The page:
Monsanto GMO Wheat Contamination Lawsuit Pays $2.4 Million

Monsanto settled several lawsuits alleging that the company failed to properly isolate their GMO wheat resulting in contamination of the wheat supply.

Monsanto settled several lawsuits alleging that the company failed to properly isolate their GMO wheat resulting in contamination of the wheat supply.

Monsanto GMO Wheat Contamination Lawsuit Pays $2.4 Million

Not that long ago, we reported that a Kansas farmer filed a law suit against Monsanto, seeking damages related to unapproved GMO wheat. The catalyst was the discovery of Monsanto GMO wheat on an Eastern Oregon farm. That discovery prompted Japan and other countries toΒ drop someΒ US wheat exports.

That lawsuit was followed by other similar lawsuits. According to classactionrebates.com, Monsanto’s recent settlement resolves several lawsuits alleging that “Monsanto failed to properly isolate their GMO soft white wheat resulting in contamination of the larger soft white wheat supply and triggering the discontinuation of certain wheat exports.”

The big news is, although Monsanto officially denies all liability, they have agreed to settle to the tune of $2.375 million. This settlement represents the first time Monsanto has paid a price for their GMO wheat practices.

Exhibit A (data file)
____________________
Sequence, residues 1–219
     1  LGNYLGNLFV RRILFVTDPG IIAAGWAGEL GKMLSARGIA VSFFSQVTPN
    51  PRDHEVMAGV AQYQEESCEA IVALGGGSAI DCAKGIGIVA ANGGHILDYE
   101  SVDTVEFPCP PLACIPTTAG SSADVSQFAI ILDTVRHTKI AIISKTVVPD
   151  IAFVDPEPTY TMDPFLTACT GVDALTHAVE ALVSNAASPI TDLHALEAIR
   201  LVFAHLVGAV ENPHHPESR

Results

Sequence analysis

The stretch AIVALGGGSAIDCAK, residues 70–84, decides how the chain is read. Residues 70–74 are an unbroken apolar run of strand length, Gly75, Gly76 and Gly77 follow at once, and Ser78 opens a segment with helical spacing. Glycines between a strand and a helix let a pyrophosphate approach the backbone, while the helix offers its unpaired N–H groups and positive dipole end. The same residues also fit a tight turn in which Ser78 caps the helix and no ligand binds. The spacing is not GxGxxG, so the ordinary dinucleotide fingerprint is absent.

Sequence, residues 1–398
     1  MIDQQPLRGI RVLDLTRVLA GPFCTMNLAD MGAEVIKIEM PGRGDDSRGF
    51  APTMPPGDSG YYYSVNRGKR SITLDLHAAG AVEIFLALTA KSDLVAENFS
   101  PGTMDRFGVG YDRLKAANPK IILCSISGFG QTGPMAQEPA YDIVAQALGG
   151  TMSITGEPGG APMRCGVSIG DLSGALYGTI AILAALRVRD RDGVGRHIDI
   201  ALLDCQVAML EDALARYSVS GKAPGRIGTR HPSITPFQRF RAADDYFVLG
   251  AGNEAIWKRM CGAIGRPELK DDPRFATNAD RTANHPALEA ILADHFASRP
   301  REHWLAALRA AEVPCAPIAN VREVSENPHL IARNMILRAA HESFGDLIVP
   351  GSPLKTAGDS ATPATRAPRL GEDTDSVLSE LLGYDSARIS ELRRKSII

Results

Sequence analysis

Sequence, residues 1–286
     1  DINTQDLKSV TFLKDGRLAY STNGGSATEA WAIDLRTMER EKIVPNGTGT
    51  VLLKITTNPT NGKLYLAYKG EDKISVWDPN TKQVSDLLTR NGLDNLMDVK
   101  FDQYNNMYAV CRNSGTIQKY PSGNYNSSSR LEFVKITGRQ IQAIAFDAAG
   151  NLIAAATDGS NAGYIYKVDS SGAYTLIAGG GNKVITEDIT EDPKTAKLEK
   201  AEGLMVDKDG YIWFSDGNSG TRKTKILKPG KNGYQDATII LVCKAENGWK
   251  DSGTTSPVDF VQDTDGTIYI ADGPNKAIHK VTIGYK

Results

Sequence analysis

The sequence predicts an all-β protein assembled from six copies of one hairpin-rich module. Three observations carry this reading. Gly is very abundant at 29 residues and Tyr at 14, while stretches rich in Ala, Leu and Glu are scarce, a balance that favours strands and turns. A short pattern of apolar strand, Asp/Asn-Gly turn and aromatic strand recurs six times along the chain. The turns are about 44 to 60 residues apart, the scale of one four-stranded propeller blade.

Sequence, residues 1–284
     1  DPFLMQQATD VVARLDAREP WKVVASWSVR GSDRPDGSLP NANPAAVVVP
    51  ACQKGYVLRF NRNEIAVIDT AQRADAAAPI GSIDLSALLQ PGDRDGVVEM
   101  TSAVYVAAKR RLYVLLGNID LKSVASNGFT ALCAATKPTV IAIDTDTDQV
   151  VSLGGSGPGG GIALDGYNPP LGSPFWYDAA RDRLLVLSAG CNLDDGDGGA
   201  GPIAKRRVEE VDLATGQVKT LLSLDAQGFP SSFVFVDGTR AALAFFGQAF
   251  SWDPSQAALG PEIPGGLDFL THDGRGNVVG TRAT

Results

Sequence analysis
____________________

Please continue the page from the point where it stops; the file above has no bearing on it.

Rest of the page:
Consumers won’t see any money from Monsanto, but farmers producing soft white wheat crops from farms in Idaho, Oregon, or Washington can receive 8 to 12 cents per bushel for each bushel sold between May and November 2013, with the settlement pool capping at $2,125,000. Monsanto also will pay Washington, Oregon and Idaho wheat growers associations an additional $250,000.

Think this will make a difference? Probably not. Given that a $2.375 million slap on the wrist is just a drop in the bucket for Monsanto, this will simply be written off as the cost of doing business.

Golden wheat photo via Shutterstock

Written by Jennifer Kaplan

Jennifer Kaplan writes about sustainable food and wine, the intersection of food and marketing and food politics for Insteading (and EatDrinkBetter.com before the two sites merged) and is the author of Greening Your Small Business. She is an Instructor at the Culinary Institute of America-Greystone and was named one of The 16 Women You Must Follow on Twitter for Green Business. She has four kids, a dog, a hamster, an MFA and an MBA – follow her on Twitter.

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